The judges, chaired by prize-winning British poet/novelist Lavinia Greenlaw, include Pulitzer Prize–winning American novelist Michael Chabon; British novelist Sarah Hall, whose The Electric Michelangelo was shortlisted for the Man Booker Prize and won the Barnes & Noble Discover Great New Writers Award; the Vietnamese-born, Australian-raised Nam Le, winner of multiple prizes for The Boat; and Indian novelist Pankaj Mishra, who won the Los Angeles Times Art Seidenbaum Award for First Fiction. Together they winnowed their selections from 80 books, 60 nominated by members of the newly formed Folio Prize Academy—over 100 strong, a rich mix of established authors and critics ranging from John Banville and Ian McEwan to Edwidge Danticat and Anne Tyler—and 20 drawn by the judges from letters of recommendation furnished by publishers.
The winner, who will receive £40,000, will be announced on Monday, March 10, at an invitation-only awards ceremony at London’s St. Pancras Renaissance Hotel. In keeping with the award’s avowed aim, a Folio Prize Fiction Festival will be held the weekend before, March 8–9, in partnership with the British Library. The panels feature the judges, shortlisted authors, and a host of Folio Academy members, including Ali Smith and Sebastian Faulks, and are organized around the concepts of voice, place, genre, structure, and context—concepts that the prize’s organizers see as defining great fiction. At £8 apiece, the panels are a bargain, but the website advises those interested to book now.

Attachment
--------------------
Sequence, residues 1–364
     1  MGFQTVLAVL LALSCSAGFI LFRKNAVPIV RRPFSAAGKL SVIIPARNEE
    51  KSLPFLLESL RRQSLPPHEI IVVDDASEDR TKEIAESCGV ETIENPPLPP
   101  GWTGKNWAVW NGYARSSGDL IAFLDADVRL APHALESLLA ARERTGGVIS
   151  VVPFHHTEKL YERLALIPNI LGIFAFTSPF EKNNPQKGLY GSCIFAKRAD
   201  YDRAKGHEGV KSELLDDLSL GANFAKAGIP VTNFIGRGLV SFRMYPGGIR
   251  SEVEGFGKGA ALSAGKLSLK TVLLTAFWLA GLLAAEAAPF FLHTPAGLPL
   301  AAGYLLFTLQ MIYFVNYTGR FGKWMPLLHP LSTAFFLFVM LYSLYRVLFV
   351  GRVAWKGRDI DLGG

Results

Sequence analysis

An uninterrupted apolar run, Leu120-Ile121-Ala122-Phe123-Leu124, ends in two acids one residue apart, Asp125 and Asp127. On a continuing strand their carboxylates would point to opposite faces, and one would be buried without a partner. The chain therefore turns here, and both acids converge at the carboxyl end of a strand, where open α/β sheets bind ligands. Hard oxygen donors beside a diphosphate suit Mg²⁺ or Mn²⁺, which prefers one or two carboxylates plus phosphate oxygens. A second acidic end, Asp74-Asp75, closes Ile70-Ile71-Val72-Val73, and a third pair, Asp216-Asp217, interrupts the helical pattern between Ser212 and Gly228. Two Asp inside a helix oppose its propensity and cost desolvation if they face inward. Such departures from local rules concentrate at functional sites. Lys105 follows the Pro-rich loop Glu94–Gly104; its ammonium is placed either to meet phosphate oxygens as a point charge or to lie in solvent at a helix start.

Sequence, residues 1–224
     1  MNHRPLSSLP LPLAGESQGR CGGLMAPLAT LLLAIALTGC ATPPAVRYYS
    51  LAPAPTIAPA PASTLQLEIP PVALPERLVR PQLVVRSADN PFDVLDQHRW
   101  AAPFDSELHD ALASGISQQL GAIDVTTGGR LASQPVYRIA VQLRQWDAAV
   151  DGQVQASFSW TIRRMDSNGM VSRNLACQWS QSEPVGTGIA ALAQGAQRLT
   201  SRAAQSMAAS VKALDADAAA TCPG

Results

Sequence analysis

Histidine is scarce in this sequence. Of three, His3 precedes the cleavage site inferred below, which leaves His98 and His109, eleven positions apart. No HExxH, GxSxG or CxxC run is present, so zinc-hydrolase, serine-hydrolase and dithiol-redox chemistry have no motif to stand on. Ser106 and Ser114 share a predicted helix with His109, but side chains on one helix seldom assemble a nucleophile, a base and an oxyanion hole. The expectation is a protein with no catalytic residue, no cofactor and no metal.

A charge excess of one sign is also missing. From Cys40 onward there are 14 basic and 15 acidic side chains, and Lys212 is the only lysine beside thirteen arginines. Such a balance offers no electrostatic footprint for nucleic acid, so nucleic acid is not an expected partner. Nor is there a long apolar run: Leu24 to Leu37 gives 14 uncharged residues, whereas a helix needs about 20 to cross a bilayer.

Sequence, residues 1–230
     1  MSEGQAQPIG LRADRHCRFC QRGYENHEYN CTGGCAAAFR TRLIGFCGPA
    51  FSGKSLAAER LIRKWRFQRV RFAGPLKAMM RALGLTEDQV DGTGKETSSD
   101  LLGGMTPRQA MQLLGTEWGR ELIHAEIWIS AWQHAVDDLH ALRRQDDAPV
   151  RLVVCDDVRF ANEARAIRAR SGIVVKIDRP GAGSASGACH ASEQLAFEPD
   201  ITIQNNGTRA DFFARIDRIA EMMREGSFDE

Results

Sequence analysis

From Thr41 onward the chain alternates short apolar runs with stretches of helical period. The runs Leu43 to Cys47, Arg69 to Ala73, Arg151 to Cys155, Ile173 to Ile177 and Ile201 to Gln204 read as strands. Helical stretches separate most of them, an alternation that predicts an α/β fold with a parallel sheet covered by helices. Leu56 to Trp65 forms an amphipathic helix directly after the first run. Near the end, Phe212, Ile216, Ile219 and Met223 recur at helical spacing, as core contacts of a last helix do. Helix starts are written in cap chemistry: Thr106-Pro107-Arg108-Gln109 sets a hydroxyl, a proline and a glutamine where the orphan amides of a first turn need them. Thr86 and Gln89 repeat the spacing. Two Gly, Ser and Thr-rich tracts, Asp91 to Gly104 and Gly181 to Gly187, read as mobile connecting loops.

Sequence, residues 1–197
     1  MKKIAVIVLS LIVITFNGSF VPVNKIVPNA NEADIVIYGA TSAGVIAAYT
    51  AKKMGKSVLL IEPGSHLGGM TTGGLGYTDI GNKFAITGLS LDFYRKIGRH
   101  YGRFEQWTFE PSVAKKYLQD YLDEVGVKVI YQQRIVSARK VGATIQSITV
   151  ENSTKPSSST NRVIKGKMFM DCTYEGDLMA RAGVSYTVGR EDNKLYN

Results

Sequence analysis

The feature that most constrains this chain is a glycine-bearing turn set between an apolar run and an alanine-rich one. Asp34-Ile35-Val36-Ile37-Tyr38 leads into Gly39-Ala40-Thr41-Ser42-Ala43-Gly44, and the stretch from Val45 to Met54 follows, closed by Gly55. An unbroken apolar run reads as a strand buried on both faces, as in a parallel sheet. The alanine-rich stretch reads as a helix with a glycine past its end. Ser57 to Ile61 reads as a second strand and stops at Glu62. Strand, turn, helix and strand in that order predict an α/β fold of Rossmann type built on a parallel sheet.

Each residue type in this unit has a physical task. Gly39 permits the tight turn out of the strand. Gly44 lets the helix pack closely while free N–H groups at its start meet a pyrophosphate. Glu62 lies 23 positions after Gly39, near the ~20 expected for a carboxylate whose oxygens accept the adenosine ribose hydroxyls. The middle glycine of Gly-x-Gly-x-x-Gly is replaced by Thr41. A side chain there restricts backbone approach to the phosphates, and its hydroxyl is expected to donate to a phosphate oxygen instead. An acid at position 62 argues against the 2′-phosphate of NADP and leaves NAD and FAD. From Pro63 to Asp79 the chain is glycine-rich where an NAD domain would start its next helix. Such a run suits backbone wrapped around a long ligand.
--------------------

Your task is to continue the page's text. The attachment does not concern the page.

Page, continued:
The focus on concepts like voice and structure signals the prize’s commitment to the grand tradition of practiced, polished storytelling over anything thematic, niche, or in-your-face outré. As Greenlaw comments, “The prize makes an unapologetic assertion about the value of experience and expertise, and the high expectations that come from spending much of your life investigating and testing language and form.” This year’s judges weren’t entirely risk averse, though. British newspapers report that McBride’s A Girl Is a Half-Formed Thing was shopped around for nine years but rejected as too experimental until its purchase by Galley Beggar Press, which must now be popping champagne corks over that smart decision. The book has also won the inaugural Goldsmiths Prize and will be published here by Coffee House Press in the fall.